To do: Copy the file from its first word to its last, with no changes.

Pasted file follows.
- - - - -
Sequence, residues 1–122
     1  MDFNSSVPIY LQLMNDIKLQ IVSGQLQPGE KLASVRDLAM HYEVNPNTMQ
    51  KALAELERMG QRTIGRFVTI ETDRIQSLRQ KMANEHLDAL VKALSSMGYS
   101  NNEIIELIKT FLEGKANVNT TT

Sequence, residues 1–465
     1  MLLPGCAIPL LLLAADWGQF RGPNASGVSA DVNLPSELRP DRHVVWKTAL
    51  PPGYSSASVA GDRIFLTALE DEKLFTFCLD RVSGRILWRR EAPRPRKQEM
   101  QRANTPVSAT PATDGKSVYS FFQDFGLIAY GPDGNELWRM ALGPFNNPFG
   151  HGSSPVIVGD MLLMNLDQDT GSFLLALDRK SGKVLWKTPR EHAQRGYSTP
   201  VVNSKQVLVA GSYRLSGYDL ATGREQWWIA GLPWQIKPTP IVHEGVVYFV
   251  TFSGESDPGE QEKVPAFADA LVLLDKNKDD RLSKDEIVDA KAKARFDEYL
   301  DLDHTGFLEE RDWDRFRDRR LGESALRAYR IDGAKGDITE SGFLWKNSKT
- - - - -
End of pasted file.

Sequence, residues 1–122
     1  MDFNSSVPIY LQLMNDIKLQ IVSGQLQPGE KLASVRDLAM HYEVNPNTMQ
    51  KALAELERMG QRTIGRFVTI ETDRIQSLRQ KMANEHLDAL VKALSSMGYS
   101  NNEIIELIKT FLEGKANVNT TT

Sequence, residues 1–465
     1  MLLPGCAIPL LLLAADWGQF RGPNASGVSA DVNLPSELRP DRHVVWKTAL
    51  PPGYSSASVA GDRIFLTALE DEKLFTFCLD RVSGRILWRR EAPRPRKQEM
   101  QRANTPVSAT PATDGKSVYS FFQDFGLIAY GPDGNELWRM ALGPFNNPFG
   151  HGSSPVIVGD MLLMNLDQDT GSFLLALDRK SGKVLWKTPR EHAQRGYSTP
   201  VVNSKQVLVA GSYRLSGYDL ATGREQWWIA GLPWQIKPTP IVHEGVVYFV
   251  TFSGESDPGE QEKVPAFADA LVLLDKNKDD RLSKDEIVDA KAKARFDEYL
   301  DLDHTGFLEE RDWDRFRDRR LGESALRAYR IDGAKGDITE SGFLWKNSKT